Plessy v. Ferguson,, was a landmark United States Supreme Court decision upholding the constitutionality of state laws requiring racial segregation in public facilities under the doctrine of "separate but equal".
The decision was handed down by a vote of 7 to 1 with the majority opinion written by Justice Henry Billings Brown and the dissent written by Justice John Marshall Harlan. Louisiana Justice Edward Douglass White was one of the majority: he was a member of the New Orleans Pickwick Club and the Crescent City White League, the latter a paramilitary organization that had supported white supremacy with violence through the 1870s to suppress black voting and regain political power by white property owners.
"Separate but equal" remained standard doctrine in U.S. law until its repudiation in the 1954 Supreme Court decision Brown v. Board of Education.
After the Supreme Court ruling, the New Orleans Comité des Citoyens, which had brought the suit and had arranged for Homer Plessy's arrest in an act of civil disobedience in order to challenge Louisiana's segregation law, stated, "We, as freemen, still believe that we were right and our cause is sacred."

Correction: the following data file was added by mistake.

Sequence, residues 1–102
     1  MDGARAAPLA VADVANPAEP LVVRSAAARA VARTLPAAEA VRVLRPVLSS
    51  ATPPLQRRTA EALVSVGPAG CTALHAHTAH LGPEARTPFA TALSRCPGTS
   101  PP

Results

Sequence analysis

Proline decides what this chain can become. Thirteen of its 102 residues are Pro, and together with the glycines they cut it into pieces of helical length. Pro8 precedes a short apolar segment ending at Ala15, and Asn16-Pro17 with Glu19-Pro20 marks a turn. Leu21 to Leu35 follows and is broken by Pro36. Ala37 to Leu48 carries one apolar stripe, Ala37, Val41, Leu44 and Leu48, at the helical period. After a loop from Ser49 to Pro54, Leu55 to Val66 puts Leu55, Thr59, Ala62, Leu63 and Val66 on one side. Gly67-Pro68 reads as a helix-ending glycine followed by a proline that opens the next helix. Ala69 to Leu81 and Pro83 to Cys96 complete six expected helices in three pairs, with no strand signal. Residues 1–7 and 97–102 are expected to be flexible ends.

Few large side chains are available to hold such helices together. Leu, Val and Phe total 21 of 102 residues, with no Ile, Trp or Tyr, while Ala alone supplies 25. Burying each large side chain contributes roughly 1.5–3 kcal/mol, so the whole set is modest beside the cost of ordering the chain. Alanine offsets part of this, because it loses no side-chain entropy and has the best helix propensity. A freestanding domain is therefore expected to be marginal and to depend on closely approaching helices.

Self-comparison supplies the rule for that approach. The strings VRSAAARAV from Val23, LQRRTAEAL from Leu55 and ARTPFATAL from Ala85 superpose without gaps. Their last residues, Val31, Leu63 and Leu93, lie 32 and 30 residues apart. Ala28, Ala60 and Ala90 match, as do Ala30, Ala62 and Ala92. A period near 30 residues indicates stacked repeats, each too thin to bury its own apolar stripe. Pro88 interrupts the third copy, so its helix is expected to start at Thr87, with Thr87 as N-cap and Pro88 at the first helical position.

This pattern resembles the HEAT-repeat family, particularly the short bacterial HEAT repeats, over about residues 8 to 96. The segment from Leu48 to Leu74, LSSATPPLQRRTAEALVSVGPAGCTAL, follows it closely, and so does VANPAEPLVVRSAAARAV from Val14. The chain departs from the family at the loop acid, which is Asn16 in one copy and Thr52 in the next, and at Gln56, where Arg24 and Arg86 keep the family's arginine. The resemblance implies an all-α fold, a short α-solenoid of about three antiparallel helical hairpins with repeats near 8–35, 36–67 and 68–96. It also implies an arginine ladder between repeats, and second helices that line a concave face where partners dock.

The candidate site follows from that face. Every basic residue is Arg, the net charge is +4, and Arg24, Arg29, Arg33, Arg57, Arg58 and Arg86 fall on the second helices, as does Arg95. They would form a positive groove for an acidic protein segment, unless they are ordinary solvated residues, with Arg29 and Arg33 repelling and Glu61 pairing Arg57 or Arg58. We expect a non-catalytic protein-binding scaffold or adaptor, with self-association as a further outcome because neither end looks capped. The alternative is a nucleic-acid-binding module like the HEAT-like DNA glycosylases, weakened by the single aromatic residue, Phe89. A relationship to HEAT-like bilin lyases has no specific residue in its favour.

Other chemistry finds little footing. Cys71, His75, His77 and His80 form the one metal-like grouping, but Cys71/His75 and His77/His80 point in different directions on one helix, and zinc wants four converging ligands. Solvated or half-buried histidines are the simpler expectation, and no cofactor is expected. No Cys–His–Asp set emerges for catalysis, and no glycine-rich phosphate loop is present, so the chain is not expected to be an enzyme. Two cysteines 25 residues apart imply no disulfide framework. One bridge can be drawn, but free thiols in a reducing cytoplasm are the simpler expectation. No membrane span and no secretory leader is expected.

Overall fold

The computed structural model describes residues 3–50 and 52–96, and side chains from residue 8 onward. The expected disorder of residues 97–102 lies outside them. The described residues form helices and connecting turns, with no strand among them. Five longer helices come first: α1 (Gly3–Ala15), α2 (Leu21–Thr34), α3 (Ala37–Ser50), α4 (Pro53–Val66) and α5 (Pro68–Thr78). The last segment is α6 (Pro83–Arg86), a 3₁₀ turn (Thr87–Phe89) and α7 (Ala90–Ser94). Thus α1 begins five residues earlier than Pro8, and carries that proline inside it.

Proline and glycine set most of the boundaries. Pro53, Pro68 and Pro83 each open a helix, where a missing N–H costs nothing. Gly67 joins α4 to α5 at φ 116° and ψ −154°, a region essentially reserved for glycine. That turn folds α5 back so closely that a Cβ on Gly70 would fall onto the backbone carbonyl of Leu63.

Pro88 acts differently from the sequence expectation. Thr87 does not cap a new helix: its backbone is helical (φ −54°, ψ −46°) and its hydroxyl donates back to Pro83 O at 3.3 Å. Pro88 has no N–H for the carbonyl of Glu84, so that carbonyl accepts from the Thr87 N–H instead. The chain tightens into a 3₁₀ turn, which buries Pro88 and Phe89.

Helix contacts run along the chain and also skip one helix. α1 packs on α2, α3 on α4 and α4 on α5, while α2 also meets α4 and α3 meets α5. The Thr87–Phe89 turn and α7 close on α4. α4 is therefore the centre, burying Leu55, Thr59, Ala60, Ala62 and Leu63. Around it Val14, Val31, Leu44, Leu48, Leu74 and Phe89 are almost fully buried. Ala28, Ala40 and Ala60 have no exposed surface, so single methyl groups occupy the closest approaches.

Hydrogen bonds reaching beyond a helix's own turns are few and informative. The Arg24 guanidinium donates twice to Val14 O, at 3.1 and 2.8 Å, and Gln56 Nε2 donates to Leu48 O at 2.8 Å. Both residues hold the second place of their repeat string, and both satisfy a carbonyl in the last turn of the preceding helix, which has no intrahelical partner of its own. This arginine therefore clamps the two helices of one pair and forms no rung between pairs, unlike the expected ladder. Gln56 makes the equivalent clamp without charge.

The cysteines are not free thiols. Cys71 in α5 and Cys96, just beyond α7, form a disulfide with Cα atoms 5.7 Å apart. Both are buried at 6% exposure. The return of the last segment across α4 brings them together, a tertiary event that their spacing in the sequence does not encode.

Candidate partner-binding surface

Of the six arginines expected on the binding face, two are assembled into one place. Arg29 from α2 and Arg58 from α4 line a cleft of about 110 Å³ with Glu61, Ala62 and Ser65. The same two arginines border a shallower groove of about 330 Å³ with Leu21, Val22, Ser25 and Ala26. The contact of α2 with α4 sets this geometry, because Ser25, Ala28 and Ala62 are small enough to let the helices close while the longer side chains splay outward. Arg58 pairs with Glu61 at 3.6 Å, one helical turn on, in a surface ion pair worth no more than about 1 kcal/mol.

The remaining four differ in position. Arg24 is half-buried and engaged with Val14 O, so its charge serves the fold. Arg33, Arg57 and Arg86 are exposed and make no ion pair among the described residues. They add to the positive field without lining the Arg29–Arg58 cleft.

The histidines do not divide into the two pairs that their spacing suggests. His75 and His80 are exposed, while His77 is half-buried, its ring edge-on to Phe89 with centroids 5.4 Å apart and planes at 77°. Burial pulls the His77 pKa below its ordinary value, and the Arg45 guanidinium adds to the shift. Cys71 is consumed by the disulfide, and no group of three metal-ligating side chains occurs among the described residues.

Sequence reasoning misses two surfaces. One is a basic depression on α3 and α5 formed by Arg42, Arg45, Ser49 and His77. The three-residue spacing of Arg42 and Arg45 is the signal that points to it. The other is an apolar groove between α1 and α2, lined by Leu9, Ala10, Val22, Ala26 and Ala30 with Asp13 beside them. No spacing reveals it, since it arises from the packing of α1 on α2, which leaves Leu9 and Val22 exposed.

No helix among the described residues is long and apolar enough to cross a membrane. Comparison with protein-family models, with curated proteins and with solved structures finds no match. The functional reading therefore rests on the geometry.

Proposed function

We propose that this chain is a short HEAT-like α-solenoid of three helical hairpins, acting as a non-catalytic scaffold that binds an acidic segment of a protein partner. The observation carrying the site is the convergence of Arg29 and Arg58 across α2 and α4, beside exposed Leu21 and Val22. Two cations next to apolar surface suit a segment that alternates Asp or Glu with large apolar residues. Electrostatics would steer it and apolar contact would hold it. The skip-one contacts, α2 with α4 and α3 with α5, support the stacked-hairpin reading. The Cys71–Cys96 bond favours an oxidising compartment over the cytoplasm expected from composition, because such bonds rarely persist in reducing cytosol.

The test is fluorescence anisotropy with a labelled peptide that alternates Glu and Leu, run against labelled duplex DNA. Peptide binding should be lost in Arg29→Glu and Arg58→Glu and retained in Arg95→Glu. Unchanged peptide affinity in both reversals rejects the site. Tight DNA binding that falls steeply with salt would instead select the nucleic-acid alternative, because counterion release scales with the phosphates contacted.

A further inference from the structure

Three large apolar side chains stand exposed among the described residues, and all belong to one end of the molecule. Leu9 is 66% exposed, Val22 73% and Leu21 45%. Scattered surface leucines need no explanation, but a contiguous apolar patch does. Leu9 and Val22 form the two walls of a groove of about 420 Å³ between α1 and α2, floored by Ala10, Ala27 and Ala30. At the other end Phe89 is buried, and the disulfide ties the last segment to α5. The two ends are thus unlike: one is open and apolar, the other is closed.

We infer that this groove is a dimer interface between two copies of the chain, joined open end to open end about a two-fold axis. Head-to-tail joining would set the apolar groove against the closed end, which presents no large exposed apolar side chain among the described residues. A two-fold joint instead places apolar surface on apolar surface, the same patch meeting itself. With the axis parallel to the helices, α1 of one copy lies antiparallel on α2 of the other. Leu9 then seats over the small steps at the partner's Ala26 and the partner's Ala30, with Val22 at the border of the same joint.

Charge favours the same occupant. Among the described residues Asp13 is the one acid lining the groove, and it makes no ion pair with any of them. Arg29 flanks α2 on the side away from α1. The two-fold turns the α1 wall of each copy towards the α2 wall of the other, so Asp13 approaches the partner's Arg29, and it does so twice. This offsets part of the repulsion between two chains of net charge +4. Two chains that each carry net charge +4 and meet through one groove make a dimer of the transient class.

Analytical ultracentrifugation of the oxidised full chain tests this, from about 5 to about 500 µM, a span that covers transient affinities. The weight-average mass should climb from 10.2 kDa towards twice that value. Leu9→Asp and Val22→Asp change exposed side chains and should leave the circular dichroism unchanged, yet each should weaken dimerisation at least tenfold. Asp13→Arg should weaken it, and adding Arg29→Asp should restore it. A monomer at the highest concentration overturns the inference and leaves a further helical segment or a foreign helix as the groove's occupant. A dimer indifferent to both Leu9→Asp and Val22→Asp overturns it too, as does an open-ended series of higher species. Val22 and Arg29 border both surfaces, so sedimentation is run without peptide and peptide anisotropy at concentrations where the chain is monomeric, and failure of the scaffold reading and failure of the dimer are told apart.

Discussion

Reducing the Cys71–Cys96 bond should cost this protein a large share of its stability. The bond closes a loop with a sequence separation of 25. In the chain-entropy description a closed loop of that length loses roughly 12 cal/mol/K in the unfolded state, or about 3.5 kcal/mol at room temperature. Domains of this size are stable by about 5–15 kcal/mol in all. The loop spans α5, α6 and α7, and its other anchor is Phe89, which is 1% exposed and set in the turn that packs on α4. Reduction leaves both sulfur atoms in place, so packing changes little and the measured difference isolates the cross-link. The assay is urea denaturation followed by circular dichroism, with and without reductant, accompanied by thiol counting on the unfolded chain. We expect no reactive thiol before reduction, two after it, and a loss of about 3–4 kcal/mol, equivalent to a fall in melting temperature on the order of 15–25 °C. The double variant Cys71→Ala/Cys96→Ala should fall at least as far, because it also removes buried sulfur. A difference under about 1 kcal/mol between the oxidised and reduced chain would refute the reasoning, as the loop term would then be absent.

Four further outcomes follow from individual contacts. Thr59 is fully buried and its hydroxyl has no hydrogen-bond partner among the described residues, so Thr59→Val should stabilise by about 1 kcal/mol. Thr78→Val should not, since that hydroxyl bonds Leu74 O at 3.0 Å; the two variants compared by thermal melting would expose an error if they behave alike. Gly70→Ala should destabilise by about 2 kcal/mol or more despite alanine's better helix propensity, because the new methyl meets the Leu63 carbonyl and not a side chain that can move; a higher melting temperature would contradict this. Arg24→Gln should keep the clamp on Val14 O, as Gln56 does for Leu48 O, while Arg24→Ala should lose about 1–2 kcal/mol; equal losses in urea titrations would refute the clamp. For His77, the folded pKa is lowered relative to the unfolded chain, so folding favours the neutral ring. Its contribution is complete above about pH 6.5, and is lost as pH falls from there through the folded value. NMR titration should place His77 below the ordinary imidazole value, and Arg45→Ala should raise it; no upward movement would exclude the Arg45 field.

In 1890, the state of Louisiana passed a law that required separate accommodations for blacks and whites on railroads, including separate railway cars.
On June 7, 1892, Plessy bought a first-class ticket at the Press Street Depot and boarded a "whites only" car of the East Louisiana Railroad in New Orleans, Louisiana, bound for Covington, Louisiana. The railroad company, which opposed the law on the grounds that it would require the purchase of more railcars, had been previously informed of Plessy's racial lineage, and the intent to challenge the law. As planned, the train was stopped, and Plessy was taken off the train at Press and Royal streets. which provided for equal treatment under the law. However, the judge presiding over his case, John Howard Ferguson, ruled that Louisiana had the right...